DENVER -- Best known for its substantial market-rate property portfolio, Apartment Investment and Management Co. (Aimco) has also claimed a big stake in affordable housing.
At first glance, the real estate investment trust (REIT) is one of the nation's largest owners and operators of apartments. Aimco owns 439 conventional apartment communities with 127,532 units. A further look reveals that Aimco is also one of the largest affordable housing owners, with 312 properties and 37,104 units.
“We have an intense desire to add to our [low-income housing] tax credit (LIHTC) redevelopment pipeline,” said Jeff Kimes, senior vice president of affordable properties for the Denver-based company.
Aimco will be looking at acquisition opportunities this year. But 2008 will also be a year that the company considers disposing of properties, both on the conventional and the affordable sides. The company, which saw more than a 30 percent decline in its share price during 2007, has been a net seller of properties for the past few years.
Aimco disposed of 30 affordable housing properties in 2007, generating net cash proceeds of $15.4 million. The firm also sold 46 conventional properties last year.
During the last quarter of 2007, the REIT's affordable property operations generated net operating income of $19.2 million. Average month-end occupancy decreased 60 basis points from 97.2 percent in 2006 to 96.6 percent for calendar 2007, while rents increased $28 per unit, or 3.9 percent, from $711 to $739 per unit, according to the fourth-quarter report.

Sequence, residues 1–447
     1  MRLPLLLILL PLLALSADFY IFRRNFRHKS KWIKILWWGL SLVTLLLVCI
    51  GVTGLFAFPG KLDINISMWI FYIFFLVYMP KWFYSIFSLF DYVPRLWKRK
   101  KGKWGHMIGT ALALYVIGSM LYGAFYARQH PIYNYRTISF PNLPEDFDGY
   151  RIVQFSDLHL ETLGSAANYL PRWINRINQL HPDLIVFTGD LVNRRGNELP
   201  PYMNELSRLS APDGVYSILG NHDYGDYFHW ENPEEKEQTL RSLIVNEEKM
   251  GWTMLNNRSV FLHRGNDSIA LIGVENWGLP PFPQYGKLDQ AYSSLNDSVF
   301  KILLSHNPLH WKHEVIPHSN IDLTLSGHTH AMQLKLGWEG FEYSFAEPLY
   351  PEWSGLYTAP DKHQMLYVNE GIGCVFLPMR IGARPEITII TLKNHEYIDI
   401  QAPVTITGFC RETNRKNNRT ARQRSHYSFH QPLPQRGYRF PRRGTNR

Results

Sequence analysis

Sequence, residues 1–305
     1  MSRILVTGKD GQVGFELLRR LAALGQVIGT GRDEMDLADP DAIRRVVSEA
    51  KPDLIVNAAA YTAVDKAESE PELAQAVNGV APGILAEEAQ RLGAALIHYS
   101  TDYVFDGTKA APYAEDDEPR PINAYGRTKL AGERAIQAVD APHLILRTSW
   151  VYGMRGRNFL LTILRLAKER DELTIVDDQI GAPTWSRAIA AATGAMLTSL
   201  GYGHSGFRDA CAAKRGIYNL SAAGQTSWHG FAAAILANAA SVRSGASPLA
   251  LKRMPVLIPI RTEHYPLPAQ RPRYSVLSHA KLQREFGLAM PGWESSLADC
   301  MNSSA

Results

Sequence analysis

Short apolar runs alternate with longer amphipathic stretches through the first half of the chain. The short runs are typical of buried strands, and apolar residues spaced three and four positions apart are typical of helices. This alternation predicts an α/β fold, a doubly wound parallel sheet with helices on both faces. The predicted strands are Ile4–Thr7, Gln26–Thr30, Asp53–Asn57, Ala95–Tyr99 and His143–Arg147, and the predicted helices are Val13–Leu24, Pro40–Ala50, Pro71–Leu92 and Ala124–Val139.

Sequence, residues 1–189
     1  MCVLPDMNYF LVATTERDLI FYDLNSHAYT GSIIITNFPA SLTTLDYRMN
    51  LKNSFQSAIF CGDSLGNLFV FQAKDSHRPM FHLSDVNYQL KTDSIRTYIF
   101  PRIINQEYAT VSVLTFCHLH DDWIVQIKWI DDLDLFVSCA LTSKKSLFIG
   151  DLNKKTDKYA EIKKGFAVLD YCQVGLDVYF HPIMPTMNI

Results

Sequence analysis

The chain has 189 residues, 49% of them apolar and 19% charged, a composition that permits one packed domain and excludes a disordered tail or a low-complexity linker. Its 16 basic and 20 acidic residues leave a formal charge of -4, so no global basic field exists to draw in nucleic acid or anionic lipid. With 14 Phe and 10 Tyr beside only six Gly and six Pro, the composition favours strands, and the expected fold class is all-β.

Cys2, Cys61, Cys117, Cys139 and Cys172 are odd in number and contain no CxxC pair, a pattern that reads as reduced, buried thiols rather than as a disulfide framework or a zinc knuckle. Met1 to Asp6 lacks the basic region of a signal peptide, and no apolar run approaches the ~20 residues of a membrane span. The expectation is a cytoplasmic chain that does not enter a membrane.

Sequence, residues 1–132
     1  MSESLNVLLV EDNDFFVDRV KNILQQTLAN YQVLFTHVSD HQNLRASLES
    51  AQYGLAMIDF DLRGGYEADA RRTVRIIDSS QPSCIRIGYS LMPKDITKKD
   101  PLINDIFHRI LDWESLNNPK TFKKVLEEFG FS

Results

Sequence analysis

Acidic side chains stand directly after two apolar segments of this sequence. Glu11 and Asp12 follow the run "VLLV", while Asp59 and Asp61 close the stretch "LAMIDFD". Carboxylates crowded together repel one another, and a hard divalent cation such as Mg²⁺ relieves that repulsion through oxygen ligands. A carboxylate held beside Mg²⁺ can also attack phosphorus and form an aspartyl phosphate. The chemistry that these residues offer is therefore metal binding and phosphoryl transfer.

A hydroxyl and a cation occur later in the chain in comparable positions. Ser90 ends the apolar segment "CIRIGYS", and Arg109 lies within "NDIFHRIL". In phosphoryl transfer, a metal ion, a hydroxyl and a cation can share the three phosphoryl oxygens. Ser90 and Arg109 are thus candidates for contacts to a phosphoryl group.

The majority of Aimco's affordable portfolio is made up of project-based Sec. 8 units. The company also owns LIHTC, Sec. 236, and U.S. Department of Agriculture Rural Development housing, according to Kimes.
Aimco received more than $100 million in LIHTC reservations to redevelop 12 properties in 2007, including nearly $10 million in Massachusetts and $8.2 million in New York. Kimes hopes to receive a similar amount this year.
The company has used tax credits mostly to redevelop projects in its portfolio, including tearing down properties and rebuilding, adding units, and rehabilitating projects. The average annual tax credit redevelopment cost to the company is $75,000 per unit, according to Kimes. That includes both interior and exterior work.
The company's tax credits are syndicated by Aimco Capital, the unit that provides asset management and transaction services to the company's entire portfolio. Under a reorganization, Aimco Capital became responsible for strategic planning, capital allocation, investments, joint ventures, and transactions for the company's overall $14 billion portfolio.
In addition to the properties that Aimco owns, the company handles property and asset management for more than 38,000 units for other owners.
Many REITs have been hard hit lately. Overall, Aimco had total revenue of $1.7 billion and net income of $29.9 million last year, an 83 percent drop from the year before. It recorded a net loss attributable to common stockholders of $36.1 million for the year. In comparison, Aimco had net income of $176.8 million and net income attributable to common stockholders of $95.7 million in 2006.
The decreases were principally due to a drop in net gains on dispositions, an increase in interest expense reflecting higher loan principal balances, and an increase in depreciation and amortization expenses, according to reports filed with the Securities and Exchange Commission. Aimco said the effect on the operating results was partially offset by an increase in net operating income associated with property operations.
The company made a big push to have its affordable properties recognized as Communities of Quality (COQ) by the National Affordable Housing Management Association. The designation recognizes excellence in affordable property management, customer service, and other areas of performance. Aimco had just a handful of properties with the designation at the start of 2007, but finished the year with 69 COQ properties, earning an award for having the nation's highest number of COQ communities.